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Canada’s unemployment rate rises to 7.1 per cent as election approaches

Workers stand on the foundation at a condominium construction project in Toronto.

Brent Lewin/Bloomberg

Canada's unemployment rate rose to 7.1 per cent in September, the highest level in more than a year, as more Canadians tried to find work amid weak economic conditions.

The last jobs report before a Bank of Canada interest rate decision and the federal election in mid-October painted a murky picture of the country's labour market.

The economy gained 12,100 jobs in September, higher than analyst forecasts of 10,000. But the data also showed job creation lagged Canada's growing work force. More than 1.36 million people were out of work last month, the highest number of unemployed Canadians in nearly two years.

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The jobless rate unexpectedly rose to 7.1 per cent from 7 per cent, a level not seen since February of last year, according to data released by Statistics Canada.

"Not good," Bank of Montreal's chief economist Douglas Porter said in a research note.

Economic data have taken on greater significance ahead of the election on Oct. 19, with the Liberals and NDP accusing the Conservatives of mismanaging the nation's economy.

A plunge in oil prices has contributed to the country's weak economic output and tepid job growth.

In September, public and private employers shed 18,600 jobs while self-employment jumped by 30,800 – a potentially worrying development.

"The increase in self-employment can sometimes be concerning as it can be viewed as a transition between employed and unemployed, where someone losing his job tries to make it as a consultant or starting a small business," said Charles St-Arnaud, executive director of economics at Nomura International PLC.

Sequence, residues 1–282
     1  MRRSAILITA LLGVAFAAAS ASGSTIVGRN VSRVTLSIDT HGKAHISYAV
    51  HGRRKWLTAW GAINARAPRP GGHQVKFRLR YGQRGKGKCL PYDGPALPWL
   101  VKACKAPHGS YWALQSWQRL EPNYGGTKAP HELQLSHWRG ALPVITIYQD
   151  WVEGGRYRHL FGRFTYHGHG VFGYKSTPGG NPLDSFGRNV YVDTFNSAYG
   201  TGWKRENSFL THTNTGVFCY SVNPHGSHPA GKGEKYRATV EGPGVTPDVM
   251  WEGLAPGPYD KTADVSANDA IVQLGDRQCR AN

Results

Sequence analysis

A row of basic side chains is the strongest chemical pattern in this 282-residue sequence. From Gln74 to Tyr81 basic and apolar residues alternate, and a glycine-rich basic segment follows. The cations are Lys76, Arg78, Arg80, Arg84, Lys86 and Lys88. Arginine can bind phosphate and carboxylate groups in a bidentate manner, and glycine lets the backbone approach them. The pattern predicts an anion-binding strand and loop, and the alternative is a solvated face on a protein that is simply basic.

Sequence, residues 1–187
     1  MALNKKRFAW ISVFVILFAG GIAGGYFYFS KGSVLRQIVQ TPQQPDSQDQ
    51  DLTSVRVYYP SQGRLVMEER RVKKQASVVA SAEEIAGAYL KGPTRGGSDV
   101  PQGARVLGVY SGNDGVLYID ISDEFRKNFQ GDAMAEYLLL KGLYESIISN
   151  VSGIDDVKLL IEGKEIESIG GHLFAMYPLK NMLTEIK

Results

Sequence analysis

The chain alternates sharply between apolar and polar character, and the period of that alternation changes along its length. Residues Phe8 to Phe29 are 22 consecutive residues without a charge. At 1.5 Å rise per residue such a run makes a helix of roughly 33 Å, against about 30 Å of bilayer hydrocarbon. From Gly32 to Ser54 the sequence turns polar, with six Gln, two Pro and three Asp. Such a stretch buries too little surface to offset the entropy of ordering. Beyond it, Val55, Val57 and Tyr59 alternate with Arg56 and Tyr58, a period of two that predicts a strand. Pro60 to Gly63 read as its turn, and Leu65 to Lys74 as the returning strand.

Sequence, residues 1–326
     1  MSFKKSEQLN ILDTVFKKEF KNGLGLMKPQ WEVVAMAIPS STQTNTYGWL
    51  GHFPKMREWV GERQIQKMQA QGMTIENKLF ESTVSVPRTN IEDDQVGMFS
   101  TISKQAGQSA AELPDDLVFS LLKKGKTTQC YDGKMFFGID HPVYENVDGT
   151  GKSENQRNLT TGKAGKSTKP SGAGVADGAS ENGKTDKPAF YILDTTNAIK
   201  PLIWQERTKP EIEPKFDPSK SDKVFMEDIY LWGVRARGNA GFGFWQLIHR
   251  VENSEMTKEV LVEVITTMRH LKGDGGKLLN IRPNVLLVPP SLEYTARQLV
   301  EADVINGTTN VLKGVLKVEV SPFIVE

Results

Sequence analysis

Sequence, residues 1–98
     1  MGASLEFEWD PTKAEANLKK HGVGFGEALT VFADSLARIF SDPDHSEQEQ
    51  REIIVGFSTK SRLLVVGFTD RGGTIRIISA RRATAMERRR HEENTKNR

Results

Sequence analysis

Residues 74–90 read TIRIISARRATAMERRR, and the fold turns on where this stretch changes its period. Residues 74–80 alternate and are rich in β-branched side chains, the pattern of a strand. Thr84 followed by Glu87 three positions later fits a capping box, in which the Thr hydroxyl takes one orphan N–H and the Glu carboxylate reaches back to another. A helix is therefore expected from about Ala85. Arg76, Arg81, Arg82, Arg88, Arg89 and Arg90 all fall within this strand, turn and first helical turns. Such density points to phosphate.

Over the past year, full-time employment has increased 1.4 per cent, part time work dipped 1.2 per cent and self-employment rose 2.5 per cent. Part-time jobs jumped by 74,000 last month while full-time work fell by 62,000.

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The weak job growth comes after Canada dipped into a mild recession in the first half of this year, giving the Liberals and NDP ammunition to attack Conservative Leader Stephen Harper's economic leadership.

The latest jobs report "has to be disappointing for the Harper campaign," said Sherry Cooper, chief economist with Dominion Lending Centres.

Although the energy industry has laid off thousands of workers in response to the plunge in oil prices, data showed that the natural resources sector only lost 2,600 jobs. Alberta, home to the big oil companies, created 12,000 jobs in September. British Columbia also added 12,000 while Ontario lost 34,000.

"Energy producers are still in the process of slashing investment plans, so the full extent of the oil shock may only be just beginning," David Madani, an economist with Capital Economics, said in a research note.

The education sector lost 51,300 jobs at the beginning of the school year. Meanwhile, health care and information services, such as telecommunications, created nearly 50,000.

The Bank of Canada has cut rates twice this year in a bid to stimulate the economy. Its next rate decision is due Oct. 21.

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About the Author
Economics Reporter

Rachelle Younglai is The Globe and Mail's economics reporter. More

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